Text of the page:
Batty or catty? The flowers of Tacca chantrieri

A striking sight in the Begonia House at Wellington Botanic Garden.  Not a begonia! 

The black bat plant, also known as cat's whiskers or devil flower.   

Black (or dark purple) is an unusual colour for flowers, and the flowers of this plant have a most unusual appearance. 

The bat-like wings are bracts and the long whiskery growths are filiform bracteoles - modified leaves.  They frame an umbel (cluster) of flowers - the lower ones have opened and are fading, the middle ones are wide open and above them is an array of buds that are yet to open.

The long leaves are a lush glossy deep green, but are not visible in the image. 

A closer view of the flowers and bracts, demonstrating the difficulty of photographing very black flowers...

This is a large perennial plant from South east Asia and it is found in the understorey of tropical rainforests.   It is quite popular as an ornamental plant but in the wild it is endangered because of habitat destruction.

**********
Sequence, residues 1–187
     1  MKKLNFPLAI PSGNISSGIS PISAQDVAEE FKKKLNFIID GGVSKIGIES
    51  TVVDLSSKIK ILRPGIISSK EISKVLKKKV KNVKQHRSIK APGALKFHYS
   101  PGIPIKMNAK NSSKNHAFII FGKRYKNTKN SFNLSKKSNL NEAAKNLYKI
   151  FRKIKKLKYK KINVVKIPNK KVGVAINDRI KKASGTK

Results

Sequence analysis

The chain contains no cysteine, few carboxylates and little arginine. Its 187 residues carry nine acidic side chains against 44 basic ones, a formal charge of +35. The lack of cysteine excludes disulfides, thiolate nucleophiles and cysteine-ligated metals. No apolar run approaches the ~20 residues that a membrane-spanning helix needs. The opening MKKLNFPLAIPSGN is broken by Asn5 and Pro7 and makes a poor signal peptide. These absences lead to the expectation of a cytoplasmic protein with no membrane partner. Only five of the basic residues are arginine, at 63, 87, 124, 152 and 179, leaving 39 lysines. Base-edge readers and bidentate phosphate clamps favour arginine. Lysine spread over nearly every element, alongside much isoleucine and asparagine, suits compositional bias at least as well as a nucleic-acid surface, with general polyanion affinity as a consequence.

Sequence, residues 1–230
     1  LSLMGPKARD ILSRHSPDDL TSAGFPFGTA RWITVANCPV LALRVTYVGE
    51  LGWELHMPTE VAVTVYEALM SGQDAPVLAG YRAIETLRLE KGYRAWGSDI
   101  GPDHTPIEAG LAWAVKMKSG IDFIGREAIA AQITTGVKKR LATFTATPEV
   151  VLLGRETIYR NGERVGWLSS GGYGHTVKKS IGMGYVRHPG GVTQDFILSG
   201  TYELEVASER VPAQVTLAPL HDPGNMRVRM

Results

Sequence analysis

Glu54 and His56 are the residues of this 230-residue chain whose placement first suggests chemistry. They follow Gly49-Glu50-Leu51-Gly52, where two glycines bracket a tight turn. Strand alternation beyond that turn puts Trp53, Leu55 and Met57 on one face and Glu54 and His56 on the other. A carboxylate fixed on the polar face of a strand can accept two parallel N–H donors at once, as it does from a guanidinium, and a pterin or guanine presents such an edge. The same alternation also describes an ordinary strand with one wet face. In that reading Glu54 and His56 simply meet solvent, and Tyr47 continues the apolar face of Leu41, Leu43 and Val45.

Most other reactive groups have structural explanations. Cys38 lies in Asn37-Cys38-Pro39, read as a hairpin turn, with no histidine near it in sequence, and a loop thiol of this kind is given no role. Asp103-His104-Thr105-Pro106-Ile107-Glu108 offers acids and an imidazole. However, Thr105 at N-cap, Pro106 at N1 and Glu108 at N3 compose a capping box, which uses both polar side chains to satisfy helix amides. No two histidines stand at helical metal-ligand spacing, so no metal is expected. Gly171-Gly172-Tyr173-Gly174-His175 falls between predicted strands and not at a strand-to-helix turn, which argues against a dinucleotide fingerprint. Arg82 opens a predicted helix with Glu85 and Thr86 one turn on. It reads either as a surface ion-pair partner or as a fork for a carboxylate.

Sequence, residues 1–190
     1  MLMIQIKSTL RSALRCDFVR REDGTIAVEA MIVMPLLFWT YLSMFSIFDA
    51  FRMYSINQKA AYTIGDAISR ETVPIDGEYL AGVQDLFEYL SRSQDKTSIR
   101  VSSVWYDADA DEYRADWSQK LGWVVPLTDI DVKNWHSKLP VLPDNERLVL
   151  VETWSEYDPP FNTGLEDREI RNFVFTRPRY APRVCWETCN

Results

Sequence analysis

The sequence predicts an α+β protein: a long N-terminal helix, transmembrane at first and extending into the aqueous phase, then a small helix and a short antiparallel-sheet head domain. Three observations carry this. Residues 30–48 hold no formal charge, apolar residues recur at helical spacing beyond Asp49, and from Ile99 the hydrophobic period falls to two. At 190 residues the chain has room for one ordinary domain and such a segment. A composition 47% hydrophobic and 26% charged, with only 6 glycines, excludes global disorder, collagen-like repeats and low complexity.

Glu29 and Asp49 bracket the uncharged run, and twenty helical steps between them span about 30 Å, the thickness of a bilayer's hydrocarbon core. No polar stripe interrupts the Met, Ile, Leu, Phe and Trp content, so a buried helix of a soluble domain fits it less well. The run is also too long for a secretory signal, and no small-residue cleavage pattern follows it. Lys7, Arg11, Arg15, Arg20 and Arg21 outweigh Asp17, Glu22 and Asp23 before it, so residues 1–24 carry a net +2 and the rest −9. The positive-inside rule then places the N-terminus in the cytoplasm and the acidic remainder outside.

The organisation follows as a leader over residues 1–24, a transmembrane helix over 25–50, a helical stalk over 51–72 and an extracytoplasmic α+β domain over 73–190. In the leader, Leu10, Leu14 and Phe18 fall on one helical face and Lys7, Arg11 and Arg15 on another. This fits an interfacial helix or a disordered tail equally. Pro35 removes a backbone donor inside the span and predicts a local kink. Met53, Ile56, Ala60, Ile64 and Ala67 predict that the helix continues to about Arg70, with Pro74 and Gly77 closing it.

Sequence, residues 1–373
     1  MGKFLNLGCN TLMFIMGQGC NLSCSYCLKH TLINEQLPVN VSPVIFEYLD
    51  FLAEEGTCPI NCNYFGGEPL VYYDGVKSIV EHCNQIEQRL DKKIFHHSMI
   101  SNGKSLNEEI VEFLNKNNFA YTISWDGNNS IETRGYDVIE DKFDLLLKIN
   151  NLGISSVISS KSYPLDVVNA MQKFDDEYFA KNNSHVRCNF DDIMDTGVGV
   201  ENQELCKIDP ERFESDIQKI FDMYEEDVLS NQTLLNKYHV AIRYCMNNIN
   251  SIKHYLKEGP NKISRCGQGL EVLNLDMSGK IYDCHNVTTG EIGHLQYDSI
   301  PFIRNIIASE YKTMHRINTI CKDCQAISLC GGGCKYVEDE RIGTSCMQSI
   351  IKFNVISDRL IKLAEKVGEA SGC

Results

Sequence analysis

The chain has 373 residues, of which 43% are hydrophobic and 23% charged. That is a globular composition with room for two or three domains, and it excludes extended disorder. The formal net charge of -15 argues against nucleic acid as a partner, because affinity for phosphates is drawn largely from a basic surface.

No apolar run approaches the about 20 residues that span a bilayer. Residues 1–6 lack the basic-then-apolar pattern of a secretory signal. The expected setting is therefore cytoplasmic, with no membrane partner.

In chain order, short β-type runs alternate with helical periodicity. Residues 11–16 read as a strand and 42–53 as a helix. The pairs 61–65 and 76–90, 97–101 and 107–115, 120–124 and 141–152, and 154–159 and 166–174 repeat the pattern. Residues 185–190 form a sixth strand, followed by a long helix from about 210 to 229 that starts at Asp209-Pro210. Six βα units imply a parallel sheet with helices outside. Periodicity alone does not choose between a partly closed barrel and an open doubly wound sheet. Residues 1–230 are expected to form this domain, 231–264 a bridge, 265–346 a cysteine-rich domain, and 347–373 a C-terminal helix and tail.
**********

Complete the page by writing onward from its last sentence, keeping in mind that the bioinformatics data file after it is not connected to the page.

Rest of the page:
The plant produces taccalonolides and these are being investigated because they show promising anti-cancer properties - microtubule activity which kills certain cancer cells but not healthy ones - similar to Taxol, a very important anti-cancer treatment  found in the yew tree.

So - losing this plant could have meant losing a promising cancer treatment.  How careless we can be with the treasures around us!